Japan’s Shinzo Abe began his three economic arrow campaign–intended to rescue his country from a quarter-century of economic malaise, shortly after taking office in December 2012.
The arrows consisted in:
–sharp depreciation of the currency
–massive deficit spending, and
–supposed structural reform of a highly government-protected and increasingly inefficient industrial base.
I’ve thought from the outset that Mr. Abe would not be able to muster the political courage/clout to fire a meaningful third arrow. Unfortunately, this has proven to be the case so far. As a result, the “arrows” have given a huge economic gift to the entrenched industries of yesterday that dot the Japanese landscape, at the cost of lowering the living standards of the average Japanese citizen and a massive decrease in national wealth.
Demographically, the EU resembles the Japan of ten or fifteen years ago. Each member country has a profound belief in its own exceptionalism that derives from its geographical and cultural heritage. Economically, Europe has also seen a generation of political/cultural elites staunchly defending the status quo, lining their own pockets while living standards for the average citizen deteriorate and the industrial/financial national wealth is frittered away.
The easy comment–one I’ve made a number of times–is that the EU, and more specifically Continental Europe, is a new instance of the Japanese disease slowly starting to unfold.
However, though the heavy betting has to be that the Continent will follow down the same path blazed by Japan, could the economic result be different from that of the Land of Wa?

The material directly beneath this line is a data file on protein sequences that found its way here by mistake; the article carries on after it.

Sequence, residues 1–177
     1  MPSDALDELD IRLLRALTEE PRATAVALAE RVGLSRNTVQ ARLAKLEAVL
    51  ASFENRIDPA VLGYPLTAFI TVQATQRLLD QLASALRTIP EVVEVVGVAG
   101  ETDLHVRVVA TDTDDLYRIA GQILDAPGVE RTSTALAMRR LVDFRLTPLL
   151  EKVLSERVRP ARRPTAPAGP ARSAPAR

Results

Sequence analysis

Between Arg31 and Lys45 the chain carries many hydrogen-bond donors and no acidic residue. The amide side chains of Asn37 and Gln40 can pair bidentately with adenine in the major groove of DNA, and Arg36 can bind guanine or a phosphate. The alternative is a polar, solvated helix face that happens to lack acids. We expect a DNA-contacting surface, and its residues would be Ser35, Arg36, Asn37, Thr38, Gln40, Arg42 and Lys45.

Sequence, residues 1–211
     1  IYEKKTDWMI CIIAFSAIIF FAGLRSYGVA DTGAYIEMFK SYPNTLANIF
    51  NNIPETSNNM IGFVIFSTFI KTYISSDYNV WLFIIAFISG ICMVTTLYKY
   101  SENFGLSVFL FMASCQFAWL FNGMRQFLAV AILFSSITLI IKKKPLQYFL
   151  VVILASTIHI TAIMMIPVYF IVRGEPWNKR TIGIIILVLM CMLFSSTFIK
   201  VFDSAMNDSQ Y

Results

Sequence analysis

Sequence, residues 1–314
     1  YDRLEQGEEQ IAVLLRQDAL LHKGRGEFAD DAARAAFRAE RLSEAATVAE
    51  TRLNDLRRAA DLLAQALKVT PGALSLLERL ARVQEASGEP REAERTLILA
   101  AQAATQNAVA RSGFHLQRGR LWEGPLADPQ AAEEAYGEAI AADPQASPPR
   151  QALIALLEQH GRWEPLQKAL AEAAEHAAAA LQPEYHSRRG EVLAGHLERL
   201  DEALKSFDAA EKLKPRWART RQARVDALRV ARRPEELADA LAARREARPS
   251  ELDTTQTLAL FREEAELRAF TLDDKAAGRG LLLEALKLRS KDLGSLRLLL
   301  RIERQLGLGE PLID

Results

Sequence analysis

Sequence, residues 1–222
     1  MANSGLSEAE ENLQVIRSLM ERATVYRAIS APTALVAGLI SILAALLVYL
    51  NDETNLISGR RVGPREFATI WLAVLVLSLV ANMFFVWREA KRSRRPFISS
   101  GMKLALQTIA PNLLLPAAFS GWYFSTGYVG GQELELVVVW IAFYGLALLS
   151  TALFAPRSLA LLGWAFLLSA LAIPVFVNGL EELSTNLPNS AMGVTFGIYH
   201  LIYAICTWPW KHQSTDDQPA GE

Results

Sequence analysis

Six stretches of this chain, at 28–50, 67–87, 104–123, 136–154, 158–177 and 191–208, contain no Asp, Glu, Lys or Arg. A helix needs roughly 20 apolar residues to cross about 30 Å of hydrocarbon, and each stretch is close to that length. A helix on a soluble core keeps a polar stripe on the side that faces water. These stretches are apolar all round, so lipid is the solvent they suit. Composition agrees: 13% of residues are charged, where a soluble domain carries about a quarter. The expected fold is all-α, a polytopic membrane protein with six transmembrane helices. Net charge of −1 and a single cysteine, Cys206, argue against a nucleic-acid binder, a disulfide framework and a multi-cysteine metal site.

–For one thing, Europe has the fate of Japan as a cautionary tale.
–Europe also has the example/leadership of Germany.
–Organized labor is a distinct political force in Europe, rather than simply an arm of management, as in the case in Japan. This can present its own set of problems, but at least there’s a voice at the bargaining table demanding that increased profits be shared with workers.
–The least well-functioning parts of Europe have already substantially reformed themselves once in the recent past, when they vied for entry into the euro–although admittedly backsliding occurred almost instantaneously after admission.
I think the place to look for signs of deviation from the Japan road map is Italy, where Prime Minister Renzi is attempting to make basic economic improvements.
I think there’s at least a short-term opportunity to profit from holding European multinationals. Whether this is simply a “trade,” meaning we have to be seriously looking to exit in maybe a year, or more than this will depend on Europe’s ability to break the grip of the status quo. Watch Italy.